It hasn’t been long time since we got the news that Google Chrome apps will be available for mobile operating systems. In September, Google mentioned that once they are done, bundled versions of web apps could be sold in Google Play Store and iOS app store.
Initially, Google targeted the Windows Desktop with this innovative idea but the route changed as they progressed with the idea. I personally think these Chrome apps package will arrive on Android and iOS sooner than our expectation. It is assumed that Google has already figured a way out to port apps to mobile using a new group of tools. It is expected that the beta version of those tools will be launched very soon (most probably by next month).
For the past few months, it is reported that Google is working on making a compatibility layer for Chrome apps using the famous Apache Cordova tools (open source indeed). In your laptop or PC, Chrome apps manipulates, rather plays with your computer’s GPU and local hardware’s using Chrome based specific codes. Google is trying to replicate the same with mobile devices using Cordova plug-ins by replacing the similar Chrome app API’s.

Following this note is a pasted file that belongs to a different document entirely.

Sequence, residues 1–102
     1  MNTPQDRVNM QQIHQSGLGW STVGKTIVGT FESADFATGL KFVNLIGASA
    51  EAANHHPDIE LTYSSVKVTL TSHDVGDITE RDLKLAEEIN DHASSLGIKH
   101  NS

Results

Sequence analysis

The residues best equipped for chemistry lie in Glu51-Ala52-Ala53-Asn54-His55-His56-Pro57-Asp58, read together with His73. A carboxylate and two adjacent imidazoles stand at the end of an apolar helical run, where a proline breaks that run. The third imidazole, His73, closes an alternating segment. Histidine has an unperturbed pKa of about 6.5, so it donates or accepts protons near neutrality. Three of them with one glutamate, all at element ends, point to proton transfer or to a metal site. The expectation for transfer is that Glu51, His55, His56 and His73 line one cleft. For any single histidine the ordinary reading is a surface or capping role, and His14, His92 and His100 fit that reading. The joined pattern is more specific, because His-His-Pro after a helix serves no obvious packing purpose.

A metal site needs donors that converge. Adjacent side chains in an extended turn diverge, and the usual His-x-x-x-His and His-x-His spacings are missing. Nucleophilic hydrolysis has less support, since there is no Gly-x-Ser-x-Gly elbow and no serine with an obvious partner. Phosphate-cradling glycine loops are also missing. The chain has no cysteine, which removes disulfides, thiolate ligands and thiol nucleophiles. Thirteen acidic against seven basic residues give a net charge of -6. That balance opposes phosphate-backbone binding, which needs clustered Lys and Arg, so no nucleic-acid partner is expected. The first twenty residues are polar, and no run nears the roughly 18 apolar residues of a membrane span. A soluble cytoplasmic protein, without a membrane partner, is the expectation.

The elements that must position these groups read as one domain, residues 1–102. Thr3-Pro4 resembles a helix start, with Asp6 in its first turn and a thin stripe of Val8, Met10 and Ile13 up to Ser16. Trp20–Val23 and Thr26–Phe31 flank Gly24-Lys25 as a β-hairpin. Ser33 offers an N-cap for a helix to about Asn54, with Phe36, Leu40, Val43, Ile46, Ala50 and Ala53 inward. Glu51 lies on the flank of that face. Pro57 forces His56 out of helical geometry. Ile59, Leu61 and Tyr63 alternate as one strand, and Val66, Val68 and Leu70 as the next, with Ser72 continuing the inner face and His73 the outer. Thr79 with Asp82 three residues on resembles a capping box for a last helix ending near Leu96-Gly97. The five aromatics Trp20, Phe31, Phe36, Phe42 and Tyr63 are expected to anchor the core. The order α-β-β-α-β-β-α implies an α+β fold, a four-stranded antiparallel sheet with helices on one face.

Google has a target-oriented team in Waterloo Canada which is specifically working on these tools which will port the Chrome apps. It cannot be guessed right now that by when these things will be completed but it seems that the developers have already entered in the last stage of development. Developer Advocate Joe Marini stated a couple of days back “We hope to have something in beta form in January”.
Google is not opening its mouth as everything is under process, but definitely they are not keeping this project a high-level secret agenda. At PhoneGap Day 2013, Google’s Software engineer Michal Mocny gave a 16 minute long presentation on the entire idea and porting process. You can watch the video below: